The facility consists of a 36’ x 130’ greenhouse with an attached 30’ x 80’ steel structure fish house. In traditional aquaculture operations, fish are grown at high density stocking levels and the waste produced by the fish must be removed to prevent toxicity and damage to the fish. The primary waste from fish is in the form of ammonia nitrogen. Typically the water in an aquaculture system is exchanged with fresh water and the waste water is redirected down stream, where it can cause nitrate pollution. In hydroponics, plants are fed a nutrient rich solution while growing in a soilless environment. The fertilizers needed for hydroponics can be very costly and are usually derived from inorganic chemicals. Aquaponics combines these two practices by using beneficial bacteria to convert the ammonia from the fish waste into useable nitrates desired by plants as a primary source of nutrition. The plants’ root structures filter the water, removing the nitrogens so that the water can be returned to the fish. This eliminates toxic build up in the fishes’ environment thus promoting a much healthier fish. Plants grown in aquaponics are of high quality and express desirable characteristics such as increased flavor, aroma, size. There are also statistics available that will show that Aqauponic produce contains a much higher level of vitamins and beneficial minerals such as potassium, calcium, and iron.
This type of agriculture has been utilized around the world for centuries in geographic locations that are dependent on water conservation. This type of agriculture has been reported to use 80% less water than conventional practices. The Quatrix facility sparingly uses a daily average of 100 gallon of water to feed nearly 9000 heads of lettuce, more than 100 flats of wheat grass, and a 200 plus stalks of basil. To further reduce the company’s carbon foot print; the facility utilizes a 100 ton subterranean rock bed. The system design has been shown to reduce heating and cooling cost nearly 50% compared to conventional greenhouses.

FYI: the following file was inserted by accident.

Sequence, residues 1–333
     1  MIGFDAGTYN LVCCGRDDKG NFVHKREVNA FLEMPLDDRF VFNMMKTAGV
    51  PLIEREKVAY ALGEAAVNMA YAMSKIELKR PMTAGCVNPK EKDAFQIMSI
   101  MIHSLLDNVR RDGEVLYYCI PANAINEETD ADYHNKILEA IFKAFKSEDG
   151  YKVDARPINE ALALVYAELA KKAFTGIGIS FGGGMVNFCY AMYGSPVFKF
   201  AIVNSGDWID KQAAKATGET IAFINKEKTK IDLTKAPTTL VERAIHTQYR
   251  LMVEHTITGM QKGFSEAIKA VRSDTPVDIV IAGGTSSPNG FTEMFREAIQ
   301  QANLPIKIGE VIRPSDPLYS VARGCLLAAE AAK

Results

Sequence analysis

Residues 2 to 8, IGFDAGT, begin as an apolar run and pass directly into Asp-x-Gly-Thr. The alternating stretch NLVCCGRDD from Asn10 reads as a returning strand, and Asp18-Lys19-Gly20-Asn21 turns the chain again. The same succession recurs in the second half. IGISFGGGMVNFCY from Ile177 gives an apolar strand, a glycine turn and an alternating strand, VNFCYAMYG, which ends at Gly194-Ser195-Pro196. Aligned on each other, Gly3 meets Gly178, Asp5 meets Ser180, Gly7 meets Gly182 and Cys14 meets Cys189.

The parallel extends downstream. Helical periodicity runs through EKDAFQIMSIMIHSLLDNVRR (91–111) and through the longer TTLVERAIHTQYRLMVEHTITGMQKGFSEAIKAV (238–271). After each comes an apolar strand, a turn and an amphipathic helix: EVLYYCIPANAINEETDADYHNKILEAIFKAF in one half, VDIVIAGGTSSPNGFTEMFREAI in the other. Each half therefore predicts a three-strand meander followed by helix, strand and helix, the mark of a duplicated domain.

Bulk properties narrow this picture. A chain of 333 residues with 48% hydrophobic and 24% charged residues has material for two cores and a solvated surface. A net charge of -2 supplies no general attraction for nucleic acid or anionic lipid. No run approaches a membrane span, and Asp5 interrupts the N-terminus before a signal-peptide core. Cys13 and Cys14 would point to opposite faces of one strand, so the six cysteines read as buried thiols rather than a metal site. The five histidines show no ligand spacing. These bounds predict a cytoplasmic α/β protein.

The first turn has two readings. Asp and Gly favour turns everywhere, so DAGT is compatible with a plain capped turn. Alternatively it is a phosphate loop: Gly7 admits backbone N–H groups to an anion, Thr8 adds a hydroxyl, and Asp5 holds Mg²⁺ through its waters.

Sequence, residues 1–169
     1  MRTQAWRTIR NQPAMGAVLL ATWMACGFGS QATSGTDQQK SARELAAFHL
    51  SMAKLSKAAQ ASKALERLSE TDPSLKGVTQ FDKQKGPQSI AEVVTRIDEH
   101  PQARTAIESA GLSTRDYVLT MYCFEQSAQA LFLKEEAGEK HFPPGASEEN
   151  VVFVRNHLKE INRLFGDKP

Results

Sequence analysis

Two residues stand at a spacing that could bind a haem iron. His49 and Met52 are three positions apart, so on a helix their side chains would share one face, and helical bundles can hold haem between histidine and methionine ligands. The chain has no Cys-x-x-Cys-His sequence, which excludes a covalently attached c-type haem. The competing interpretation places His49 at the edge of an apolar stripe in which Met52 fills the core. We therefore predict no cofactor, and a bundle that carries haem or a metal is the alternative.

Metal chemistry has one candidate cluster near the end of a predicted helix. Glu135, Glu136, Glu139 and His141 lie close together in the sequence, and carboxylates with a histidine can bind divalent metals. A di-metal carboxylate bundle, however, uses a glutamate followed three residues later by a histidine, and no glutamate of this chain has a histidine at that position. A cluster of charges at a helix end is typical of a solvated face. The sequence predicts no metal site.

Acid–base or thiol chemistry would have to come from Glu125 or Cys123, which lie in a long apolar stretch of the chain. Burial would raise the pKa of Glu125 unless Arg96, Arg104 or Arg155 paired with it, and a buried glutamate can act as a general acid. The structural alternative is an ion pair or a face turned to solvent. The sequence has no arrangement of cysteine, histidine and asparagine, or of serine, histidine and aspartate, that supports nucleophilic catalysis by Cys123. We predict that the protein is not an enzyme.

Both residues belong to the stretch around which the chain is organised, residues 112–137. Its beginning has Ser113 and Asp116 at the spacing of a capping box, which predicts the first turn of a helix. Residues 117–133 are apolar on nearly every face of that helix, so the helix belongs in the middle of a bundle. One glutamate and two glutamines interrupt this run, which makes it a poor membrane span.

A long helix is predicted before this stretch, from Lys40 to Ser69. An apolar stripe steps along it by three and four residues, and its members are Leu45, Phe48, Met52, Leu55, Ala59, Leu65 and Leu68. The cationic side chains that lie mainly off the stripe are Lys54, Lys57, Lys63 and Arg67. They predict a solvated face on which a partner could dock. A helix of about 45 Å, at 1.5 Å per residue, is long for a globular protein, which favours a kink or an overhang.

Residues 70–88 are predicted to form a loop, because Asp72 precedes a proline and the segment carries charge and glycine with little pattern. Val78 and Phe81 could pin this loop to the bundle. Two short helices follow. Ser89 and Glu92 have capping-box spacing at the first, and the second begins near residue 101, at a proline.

The 5000 square foot greenhouse is a state of the art facility. No expenses were spared when the system was designed. The structures were engineered to withstand winds of 120mph and a 4’ snow pack on it’s roof. It’s polycarbonate shell will stop hail stones the size of baseballs and blocks out 99% of the UV rays produced by the sun. This aids in the amount of water a plant will transpire and keeps it’s workers from getting sun burned. The facility is also equipped with a micro climate controller. It utilizes outdoor temperatures, wind speeds, and humidity to create the perfect growing environment inside the greenhouse.
With a facility this technologically inclined, Quatrix is able to produce the same amount of produce and fish in the winter as they do in the summer. Colorado is the perfect location for an application of this nature. With it’s abundance of sunny days, the greenhouse will average 70* day time temperatures all winter. With the increased growing season, a facility of this sized can compete with a conventional 4 acre plot. The ability to produce a consistent product year round has been very advantageous when generating relationships with local customers.